Such thoughts have now been brought to the surface by news in The Observer (February 18, 2021, p 3) that our dyed-in-the-wool neoliberal government wants to charge the five learned societies that lodge in London’s Burlington House an “economic rent”: the same amount that an oil sheikh or a Russian oligarch or Donald Trump might be prepared to pay to dwell amongst such real estate. I’m sure the super-rich could get permission to park their helicopters in Green Park (or anything else they might want to do) and then it’s just a brief stroll across Piccadilly. With cops to hold up the traffic and their personal bodyguards they’ll be safe enough. Obviously the learned societies should pay the going rate. Stands to reason, doesn’t it? And what trumps reason? And what is reason, but calculation? And isn’t money the universal calculus, and hence the ultimate measure of worth and of value?

The five learned tenants of Burlington House include the Society of Antiquaries of London; the Geological Society; the Royal Astronomical Society; the Royal Society of Chemistry; and the Linnean Society. The sixth inhabitant – the Royal Academy of Arts – is not apparently affected by the rent hike. The Linnean Society is close to my heart. I was a Fellow for some years before I foolishly allowed my fellowship to lapse when we left London. But I visited the library a lot when I wrote my book on taxonomy, The Variety of Life (which I would love to update, incidentally. Though not as a solo turn this time round, if anyone out there is interested). I also went to quite a few meetings, though not enough, and they were, and still are, splendid.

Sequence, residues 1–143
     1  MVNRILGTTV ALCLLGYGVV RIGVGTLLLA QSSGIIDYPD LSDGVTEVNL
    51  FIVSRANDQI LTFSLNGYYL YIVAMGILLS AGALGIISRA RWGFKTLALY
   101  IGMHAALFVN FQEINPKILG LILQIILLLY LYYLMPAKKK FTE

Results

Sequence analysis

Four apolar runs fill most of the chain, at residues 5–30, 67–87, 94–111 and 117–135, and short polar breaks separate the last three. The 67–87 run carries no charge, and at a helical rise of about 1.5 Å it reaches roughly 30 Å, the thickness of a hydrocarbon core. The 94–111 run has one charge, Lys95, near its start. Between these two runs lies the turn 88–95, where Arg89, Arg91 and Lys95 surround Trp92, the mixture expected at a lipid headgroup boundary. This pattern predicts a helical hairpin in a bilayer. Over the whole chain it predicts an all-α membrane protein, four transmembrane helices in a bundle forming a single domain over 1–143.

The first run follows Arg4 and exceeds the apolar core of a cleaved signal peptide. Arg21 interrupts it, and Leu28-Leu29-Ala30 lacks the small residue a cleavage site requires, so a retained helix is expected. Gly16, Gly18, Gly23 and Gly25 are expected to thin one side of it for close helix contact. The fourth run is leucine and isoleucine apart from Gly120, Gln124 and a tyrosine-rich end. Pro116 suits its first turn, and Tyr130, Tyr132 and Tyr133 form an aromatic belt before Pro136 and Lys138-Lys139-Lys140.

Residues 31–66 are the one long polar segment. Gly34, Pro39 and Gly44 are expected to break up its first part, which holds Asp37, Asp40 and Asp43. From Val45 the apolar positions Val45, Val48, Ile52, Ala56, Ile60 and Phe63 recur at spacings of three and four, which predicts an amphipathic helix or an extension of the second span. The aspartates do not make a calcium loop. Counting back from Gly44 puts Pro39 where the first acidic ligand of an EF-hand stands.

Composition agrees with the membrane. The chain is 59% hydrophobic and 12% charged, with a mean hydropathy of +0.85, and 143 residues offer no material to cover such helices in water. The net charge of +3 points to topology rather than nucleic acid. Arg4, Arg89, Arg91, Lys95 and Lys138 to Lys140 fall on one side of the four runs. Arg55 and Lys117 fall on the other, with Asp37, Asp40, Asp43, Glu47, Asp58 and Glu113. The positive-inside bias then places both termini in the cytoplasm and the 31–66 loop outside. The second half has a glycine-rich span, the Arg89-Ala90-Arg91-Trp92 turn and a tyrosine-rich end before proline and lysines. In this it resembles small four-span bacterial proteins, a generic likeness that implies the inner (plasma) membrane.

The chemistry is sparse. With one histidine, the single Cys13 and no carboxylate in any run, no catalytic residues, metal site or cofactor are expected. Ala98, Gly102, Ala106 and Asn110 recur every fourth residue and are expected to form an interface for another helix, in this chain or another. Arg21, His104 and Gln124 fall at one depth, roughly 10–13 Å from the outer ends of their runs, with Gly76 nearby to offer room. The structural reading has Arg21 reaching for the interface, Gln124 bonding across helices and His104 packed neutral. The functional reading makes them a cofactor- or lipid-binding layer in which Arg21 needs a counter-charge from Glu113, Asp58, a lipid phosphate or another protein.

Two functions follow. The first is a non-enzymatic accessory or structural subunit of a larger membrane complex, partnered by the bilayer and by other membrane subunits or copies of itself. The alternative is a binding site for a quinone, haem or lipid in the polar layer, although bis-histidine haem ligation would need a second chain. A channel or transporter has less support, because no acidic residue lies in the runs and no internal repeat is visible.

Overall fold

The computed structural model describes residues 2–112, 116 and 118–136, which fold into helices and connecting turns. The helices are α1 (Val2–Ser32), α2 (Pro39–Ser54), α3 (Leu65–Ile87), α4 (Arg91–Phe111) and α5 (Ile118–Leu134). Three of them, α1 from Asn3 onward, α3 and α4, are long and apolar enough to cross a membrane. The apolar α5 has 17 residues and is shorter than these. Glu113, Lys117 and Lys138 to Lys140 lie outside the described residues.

Much or most of the Linnean Society’s work is of direct relevance to everyday life, contributing directly to the wellbeing of humanity and the natural world. But also – and for my money of even greater significance – the Linnean has been and still is a guardian of “pure” biology, of scholarship for its own sake, not simply to control nature for our own material benefit but to enable us more fully to appreciate the world we find ourselves in. There is still a strong emphasis on taxonomy but the overall vision of the society is far broader, as recorded on its website: to contribute to “a world where nature is understood, valued, and protected”. Absolutely.

Among much else the Linnean houses some fine collections – not least of original illustrations by Beatrix Potter, who was a wonderful observer of the natural world as is evident not simply from her magical depictions of fungi but also from Peter Rabbit and the rest. Peter wears a blue blazer but he’s still a very rabbity rabbit. Perhaps the Linnsoc’s greatest coup was the paper by Messrs Darwin, C, and Wallace, A R, which was read in their absence in 1858, on their parallel insights into evolution by means of natural selection – although the society secretary, in his annual report, famously or infamously recorded that nothing much of interest had happened that year. Wallace wasn’t there because he was in darkest Brazil and Darwin was holed up in darkest Kent or perhaps was taking noisome waters in some sulphurous spa. Darwin published Origin of Species just a year later, in 1859. Origin of Species was a rushed job. Darwin intended to write the definitive work later but never got around to it. Often the rushed jobs are the best. You never can quite “recapture that first, fine careless rapture”.